- The leaders of the Senate HELP Committee on Thursday proposed a wide-ranging and ambitious package of healthcare bills, including measures addressing surprise medical billing, price transparency, interoperability, drug costs and public health.
- One bill put forward would require commercial insurers to make claims data and expected out-of-pocket costs available to patients through application programming interfaces (APIs) and ensure that patients have full access to their electronic health records — in line with two proposed rules HHS released earlier this year.
- Another provision bans gag clauses in contracts between providers and health plans that prevent the release of cost and quality information or de-identified claims data. It also would create a national all-payer claims database and designates a nonprofit, nongovernmental entity to study how to reduce healthcare costs.
Initial industry reaction to the proposals was relatively muted as groups said they were still reviewing the draft bills. The American Hospitals Association praised some of the public health provisions but said it was “concerned about several of the proposals that would allow the government to intrude into private commercial contracts between providers and insurers.”
AHA called out a ban on all-or-nothing clauses, which require health plans to contract with all providers in a system or none of them. The hospital group said they “could lead to even more narrow networks with fewer provider choices for patients, while adversely affecting access to care at rural and community hospitals.”
Analysts at Jefferies, however said a ban on anticompetitive contract elements should benefit for-profit hospital chains like Community Health Systems, Tenet and HCA “that offer high quality services as competitive prices.”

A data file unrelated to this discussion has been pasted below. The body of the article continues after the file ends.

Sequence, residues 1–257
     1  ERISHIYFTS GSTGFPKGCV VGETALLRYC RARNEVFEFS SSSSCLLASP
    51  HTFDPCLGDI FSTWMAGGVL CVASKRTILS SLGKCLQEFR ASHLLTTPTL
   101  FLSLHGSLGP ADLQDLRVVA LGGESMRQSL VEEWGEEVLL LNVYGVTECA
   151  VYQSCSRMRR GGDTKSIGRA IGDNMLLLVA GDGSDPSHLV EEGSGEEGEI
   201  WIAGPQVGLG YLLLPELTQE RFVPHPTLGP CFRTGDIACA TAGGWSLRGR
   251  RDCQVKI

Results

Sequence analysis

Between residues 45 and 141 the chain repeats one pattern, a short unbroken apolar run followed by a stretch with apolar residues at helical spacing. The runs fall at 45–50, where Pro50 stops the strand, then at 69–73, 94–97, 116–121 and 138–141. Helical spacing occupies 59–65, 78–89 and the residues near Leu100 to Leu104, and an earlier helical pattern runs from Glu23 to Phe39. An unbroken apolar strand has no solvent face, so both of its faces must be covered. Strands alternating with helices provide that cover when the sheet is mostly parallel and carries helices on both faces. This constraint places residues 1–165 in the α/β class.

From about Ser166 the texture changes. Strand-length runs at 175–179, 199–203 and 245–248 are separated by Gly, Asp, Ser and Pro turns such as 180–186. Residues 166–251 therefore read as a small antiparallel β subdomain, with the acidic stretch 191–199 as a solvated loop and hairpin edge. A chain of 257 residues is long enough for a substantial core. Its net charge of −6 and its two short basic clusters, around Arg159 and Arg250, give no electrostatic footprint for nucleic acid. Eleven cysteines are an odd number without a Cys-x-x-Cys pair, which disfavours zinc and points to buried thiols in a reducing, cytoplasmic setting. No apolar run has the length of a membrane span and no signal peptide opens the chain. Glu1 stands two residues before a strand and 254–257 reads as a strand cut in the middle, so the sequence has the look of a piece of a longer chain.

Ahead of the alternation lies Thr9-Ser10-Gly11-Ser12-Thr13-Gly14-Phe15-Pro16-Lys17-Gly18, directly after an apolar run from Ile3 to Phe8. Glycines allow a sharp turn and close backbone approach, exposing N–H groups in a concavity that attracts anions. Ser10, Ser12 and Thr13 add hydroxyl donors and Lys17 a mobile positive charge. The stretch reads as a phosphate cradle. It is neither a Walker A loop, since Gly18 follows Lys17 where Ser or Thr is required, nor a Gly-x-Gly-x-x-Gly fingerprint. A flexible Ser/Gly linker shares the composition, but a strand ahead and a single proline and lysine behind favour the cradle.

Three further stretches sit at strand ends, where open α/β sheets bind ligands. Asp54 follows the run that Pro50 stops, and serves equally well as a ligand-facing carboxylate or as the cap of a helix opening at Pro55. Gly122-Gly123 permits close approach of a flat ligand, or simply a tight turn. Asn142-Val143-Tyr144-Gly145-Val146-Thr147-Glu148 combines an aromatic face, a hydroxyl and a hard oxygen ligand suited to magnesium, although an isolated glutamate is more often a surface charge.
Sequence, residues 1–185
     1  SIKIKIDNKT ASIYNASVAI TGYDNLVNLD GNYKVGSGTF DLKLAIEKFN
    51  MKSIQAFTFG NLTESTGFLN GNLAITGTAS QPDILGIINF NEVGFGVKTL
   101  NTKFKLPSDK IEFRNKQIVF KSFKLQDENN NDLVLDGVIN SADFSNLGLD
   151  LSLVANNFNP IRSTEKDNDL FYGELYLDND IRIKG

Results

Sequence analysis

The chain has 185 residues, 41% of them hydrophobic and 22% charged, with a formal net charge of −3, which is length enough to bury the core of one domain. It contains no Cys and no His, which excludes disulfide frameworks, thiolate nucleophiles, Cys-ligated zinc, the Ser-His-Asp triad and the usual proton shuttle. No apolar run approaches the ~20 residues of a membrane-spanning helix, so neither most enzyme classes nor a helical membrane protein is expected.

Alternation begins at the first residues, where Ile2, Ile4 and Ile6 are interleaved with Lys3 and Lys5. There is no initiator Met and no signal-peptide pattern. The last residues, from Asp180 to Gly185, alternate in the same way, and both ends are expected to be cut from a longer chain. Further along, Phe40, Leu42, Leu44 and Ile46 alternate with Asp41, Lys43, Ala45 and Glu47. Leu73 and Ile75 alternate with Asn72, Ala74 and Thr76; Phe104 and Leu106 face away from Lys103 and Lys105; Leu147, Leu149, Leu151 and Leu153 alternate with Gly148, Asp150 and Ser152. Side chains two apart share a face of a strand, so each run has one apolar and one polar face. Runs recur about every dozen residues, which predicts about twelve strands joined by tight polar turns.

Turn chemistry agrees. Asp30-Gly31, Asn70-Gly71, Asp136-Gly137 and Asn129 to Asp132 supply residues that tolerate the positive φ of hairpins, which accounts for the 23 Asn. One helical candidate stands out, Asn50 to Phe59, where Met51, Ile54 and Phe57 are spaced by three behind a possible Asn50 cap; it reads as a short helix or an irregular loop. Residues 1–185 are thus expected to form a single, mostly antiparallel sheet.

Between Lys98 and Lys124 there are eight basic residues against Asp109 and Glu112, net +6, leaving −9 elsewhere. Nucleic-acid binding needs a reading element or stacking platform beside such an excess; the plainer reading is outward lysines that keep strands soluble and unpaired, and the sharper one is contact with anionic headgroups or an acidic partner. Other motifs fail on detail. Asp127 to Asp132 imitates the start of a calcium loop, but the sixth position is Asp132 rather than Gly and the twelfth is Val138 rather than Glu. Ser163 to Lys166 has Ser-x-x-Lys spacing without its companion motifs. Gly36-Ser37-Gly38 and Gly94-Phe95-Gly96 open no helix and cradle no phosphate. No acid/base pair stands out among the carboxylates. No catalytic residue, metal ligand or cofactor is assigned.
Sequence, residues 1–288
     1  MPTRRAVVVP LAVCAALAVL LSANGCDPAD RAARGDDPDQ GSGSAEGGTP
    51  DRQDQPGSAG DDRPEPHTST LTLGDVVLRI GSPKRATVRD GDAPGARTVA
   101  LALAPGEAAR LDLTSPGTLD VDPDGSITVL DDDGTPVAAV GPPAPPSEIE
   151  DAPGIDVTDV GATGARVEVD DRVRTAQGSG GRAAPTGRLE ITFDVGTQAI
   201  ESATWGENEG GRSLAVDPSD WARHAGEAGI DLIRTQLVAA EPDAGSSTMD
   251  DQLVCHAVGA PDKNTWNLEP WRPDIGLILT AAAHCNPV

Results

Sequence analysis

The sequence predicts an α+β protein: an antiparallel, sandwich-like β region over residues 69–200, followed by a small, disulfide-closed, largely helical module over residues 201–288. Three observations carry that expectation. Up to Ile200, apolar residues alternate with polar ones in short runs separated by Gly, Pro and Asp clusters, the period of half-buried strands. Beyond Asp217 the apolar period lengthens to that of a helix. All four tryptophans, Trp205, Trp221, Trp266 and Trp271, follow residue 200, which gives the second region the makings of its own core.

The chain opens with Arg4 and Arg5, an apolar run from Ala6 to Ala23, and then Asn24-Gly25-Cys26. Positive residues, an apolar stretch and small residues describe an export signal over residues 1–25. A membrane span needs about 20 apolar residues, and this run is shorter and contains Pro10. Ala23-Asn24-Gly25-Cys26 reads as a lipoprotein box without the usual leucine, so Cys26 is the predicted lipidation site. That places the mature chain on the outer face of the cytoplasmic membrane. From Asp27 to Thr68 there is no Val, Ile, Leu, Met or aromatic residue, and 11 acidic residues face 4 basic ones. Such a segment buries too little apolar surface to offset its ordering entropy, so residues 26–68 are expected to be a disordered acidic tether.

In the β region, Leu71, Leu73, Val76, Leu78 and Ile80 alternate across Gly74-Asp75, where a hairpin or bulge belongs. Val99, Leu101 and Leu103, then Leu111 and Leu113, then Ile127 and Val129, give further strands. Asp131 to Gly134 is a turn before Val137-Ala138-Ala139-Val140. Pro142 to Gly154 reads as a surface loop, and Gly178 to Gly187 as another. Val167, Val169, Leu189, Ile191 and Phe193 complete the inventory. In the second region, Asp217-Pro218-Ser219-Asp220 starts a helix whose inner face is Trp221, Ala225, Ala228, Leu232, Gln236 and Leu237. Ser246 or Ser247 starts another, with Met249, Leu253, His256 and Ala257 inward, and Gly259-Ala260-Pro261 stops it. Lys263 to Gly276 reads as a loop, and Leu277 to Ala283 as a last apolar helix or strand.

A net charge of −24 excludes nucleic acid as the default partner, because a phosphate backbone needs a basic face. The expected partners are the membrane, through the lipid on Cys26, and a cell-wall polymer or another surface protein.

America’s Health Insurance Plans said it supports “many of the principles” outlined in the proposals and didn’t single out any provisions for attack. “We support transparency that allows consumers and patients to get information that is clear, helps them make informed decisions about their care, and leads to lower costs for them,” the payer lobby group said.
Although the proposed bills have the backing of both parties, a divided Congress and divisive climate in Washington mean an uphill climb for almost any legislation. Still, Senate HELP Committee Chairman Lamar Alexander, R-Tenn., said he hopes to move the package through the committee next month and get it to the Senate floor in June.
“These are common sense steps we can take, and every single one of them has the objective of reducing the health care costs that you pay for out of your own pocket,” he said.
Regardless, the suggested policies can further the debate on hot topics like price transparency and surprise billing.
The senators’ surprise billing law — like other recent drafts — would ban the practice and hold patients harmless, but punts on some of the thorniest issues like arbitration and payment rates.
It includes three options the committee is considering for payment resolution: an in-network guarantee, independent dispute resolution and a benchmark payment.
The in-network guarantee would require hospitals ensure that every practitioner in the facility is considered in-network. The benchmark payment option sets rates based on the median contracted fee for services in the geographic area.
Health policy experts applauded the creation of a national all-payer claims database. The provision is a big deal, Zack Cooper, health economist and associate professor at Yale, said on Twitter . “Hard to land a plane without instruments. Hard to steer a health system without data,” he said. “This is crucial for reducing health care costs.”
AMGA, which represents physician practices, also wrote in support of legislation that would mandate the database, saying it would give “members a tool they have been asking for to help provide the best possible care to the communities they serve.”
The draft bill taking on drug pricing bans pharmacy benefit managers from using spread pricing — charging health plans or patients a different price from what the PBM paid for the drug. It also requires 100% pass-through of rebates to plan sponsors. The lobby group for PBMs said Thursday it is still reviewing the legislation but generally believes “employer clients in the private sector should have choices in designing health benefits” and supports greater transparency throughout the drug supply chain.
The Jefferies analysts said those provisions could be a drag on PBM margins over a transition period.